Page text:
We never know what’s around the corner, goes the old adage. And if we didn’t realise that before, this pandemic has certainly brought it home.
We’re living in a world now which few of us could even have imagined only a few short months ago, with day-to-day life transformed and plans for the future up in the air.
It has also given people plenty of time to reflect and, at Reeves, we have been talking to a number of clients who have been looking at their financial circumstances and retirement planning in light of the coronavirus. To them, where the future had once seemed assured and predictable, now new possibilities have opened up. For some, these are frightening possibilities, while for others they can be exciting.
For the purpose of the following example scenarios, we have changed the clients’ names.
One client, Robert Cameron, contacted us to tell us that his employer had had to put him on furlough and he was worried that the lockdown would hit the company so hard he was going to lose his job altogether.
Robert is 60, and doesn’t rate his chances of getting another job, particularly not at the same level of salary. He was earning £60,000 a year and, following Reeves advice, he had been making regular contributions of £10,000 a year into his pension fund, planning to retire at the age of 62. Suddenly, he was afraid that these retirement plans lay in tatters.
We talked the situation through with him, reviewing his assets and the level of income that he would realistically need and, together, we came to the conclusion that this was significantly less than he had originally thought.
Now he estimates that in retirement, he will need £24,000 a year. He has built up enough in his pension fund to be able to draw down this amount every year until he reaches the age of 67, at which point he and his wife will both receive state pensions of about £9,100 a year. This will considerably reduce the call on the private pension, which should then comfortably be able to top up his income until he reaches the age of 75. At this which point he will have much lower outgoings which the state pension will cover.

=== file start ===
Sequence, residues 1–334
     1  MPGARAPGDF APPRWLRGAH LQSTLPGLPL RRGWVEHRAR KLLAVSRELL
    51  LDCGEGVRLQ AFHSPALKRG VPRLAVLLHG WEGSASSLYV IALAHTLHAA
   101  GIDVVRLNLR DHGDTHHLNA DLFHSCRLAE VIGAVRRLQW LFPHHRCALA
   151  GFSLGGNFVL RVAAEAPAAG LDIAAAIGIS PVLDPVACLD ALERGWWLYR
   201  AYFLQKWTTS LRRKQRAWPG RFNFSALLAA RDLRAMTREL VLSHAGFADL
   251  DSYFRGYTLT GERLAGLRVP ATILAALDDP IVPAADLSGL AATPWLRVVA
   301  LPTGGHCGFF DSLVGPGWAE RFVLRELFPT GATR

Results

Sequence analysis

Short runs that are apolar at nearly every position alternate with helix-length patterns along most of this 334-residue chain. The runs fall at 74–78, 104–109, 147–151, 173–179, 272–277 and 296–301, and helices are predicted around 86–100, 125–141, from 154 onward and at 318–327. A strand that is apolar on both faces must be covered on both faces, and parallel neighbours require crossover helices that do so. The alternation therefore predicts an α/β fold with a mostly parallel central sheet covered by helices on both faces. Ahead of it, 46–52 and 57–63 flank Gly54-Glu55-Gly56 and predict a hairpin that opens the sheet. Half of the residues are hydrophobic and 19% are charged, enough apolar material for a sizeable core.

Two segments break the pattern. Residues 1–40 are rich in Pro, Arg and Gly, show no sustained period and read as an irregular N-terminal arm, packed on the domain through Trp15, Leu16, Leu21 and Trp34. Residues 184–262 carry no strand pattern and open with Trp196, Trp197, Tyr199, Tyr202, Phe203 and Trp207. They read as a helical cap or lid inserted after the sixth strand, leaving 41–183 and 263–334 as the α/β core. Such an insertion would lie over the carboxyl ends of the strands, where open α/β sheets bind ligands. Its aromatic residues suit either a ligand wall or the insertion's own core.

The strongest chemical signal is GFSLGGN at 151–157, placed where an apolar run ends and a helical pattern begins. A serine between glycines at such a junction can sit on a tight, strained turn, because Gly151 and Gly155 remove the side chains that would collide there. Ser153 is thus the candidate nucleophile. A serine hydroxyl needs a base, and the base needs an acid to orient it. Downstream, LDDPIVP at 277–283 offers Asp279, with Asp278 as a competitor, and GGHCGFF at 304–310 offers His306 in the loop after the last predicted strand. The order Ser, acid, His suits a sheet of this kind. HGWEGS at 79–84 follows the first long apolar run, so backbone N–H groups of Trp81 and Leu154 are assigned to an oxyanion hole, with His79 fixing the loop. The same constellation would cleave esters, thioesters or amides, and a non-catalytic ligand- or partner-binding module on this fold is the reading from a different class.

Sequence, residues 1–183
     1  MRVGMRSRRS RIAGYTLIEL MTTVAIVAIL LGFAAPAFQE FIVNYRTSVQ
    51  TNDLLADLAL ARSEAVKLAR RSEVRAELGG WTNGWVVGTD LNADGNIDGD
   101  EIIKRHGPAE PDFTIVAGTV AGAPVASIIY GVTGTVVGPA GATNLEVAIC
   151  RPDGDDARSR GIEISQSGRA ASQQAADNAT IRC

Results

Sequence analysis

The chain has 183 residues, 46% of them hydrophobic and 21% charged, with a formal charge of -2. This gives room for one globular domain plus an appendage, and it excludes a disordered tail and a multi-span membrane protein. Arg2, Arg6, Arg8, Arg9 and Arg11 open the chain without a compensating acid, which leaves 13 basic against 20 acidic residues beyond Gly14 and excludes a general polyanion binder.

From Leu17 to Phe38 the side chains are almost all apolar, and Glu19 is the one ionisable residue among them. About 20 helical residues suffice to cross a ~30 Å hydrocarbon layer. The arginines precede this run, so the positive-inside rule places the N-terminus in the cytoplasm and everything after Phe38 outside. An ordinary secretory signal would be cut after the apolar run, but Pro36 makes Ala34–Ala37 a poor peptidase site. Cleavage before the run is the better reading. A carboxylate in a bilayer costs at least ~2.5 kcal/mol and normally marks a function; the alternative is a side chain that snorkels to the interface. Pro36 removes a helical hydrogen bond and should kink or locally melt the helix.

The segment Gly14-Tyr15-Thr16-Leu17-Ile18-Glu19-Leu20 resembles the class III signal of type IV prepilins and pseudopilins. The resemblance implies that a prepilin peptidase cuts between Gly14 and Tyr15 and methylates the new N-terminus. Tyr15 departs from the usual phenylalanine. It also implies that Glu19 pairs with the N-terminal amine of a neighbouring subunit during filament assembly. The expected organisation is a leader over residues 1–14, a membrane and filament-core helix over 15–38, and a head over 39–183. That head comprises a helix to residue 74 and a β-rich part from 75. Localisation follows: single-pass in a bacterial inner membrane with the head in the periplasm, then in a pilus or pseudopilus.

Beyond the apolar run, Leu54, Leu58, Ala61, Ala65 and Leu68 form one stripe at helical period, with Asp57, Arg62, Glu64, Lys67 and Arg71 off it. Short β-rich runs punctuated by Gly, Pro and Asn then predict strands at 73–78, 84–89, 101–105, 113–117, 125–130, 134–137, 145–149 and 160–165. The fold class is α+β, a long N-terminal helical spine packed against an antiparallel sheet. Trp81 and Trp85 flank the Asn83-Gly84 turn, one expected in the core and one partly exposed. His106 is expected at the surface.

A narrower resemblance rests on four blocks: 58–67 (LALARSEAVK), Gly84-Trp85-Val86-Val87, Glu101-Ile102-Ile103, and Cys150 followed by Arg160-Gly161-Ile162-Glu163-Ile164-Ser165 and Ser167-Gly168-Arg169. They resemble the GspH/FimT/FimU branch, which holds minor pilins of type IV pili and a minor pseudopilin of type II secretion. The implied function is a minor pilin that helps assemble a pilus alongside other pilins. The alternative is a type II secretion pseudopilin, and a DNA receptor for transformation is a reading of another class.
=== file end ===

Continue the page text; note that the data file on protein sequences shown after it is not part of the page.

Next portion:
Talking him through this and pointing out that, if necessary, he could afford to retire today and still fulfil all his dreams was a huge relief to him. Now, Robert regards every month he is still in work as a bonus.
Another client, Keith Moore, is of the same age but, while he had been saving for his retirement with Reeves help, it was not something he was looking forward to. He has worked all his life in senior management positions and was convinced that he would be bored to distraction once he had finished working. Being furloughed, however, has been a revelation to him. He has found new enjoyment in his garden, has taken up long neglected old hobbies and is keen to explore some new ones.
Keith spoke to us to see whether he could adjust his plans to bring forward the date of his retirement by three years. Again, we reviewed his pension and his required income and we were able to advise him that he could comfortably afford to give up work early.
So, no, we never do know what’s around the corner, which is why it’s important to have the kind of flexibility that a drawdown pension can bring. It’s also important not to sit and brood about things, worrying alone, but to contact your Reeves adviser, so that, together, we can look at the options available.
These articles are for information only. These articles are based on specific clients and their situation may be different from yours. No advice should be conferred from the articles. No action should be taken without independent professional financial advice as any actions on your pension may be irrevocable and have a big impact on your income in retirement.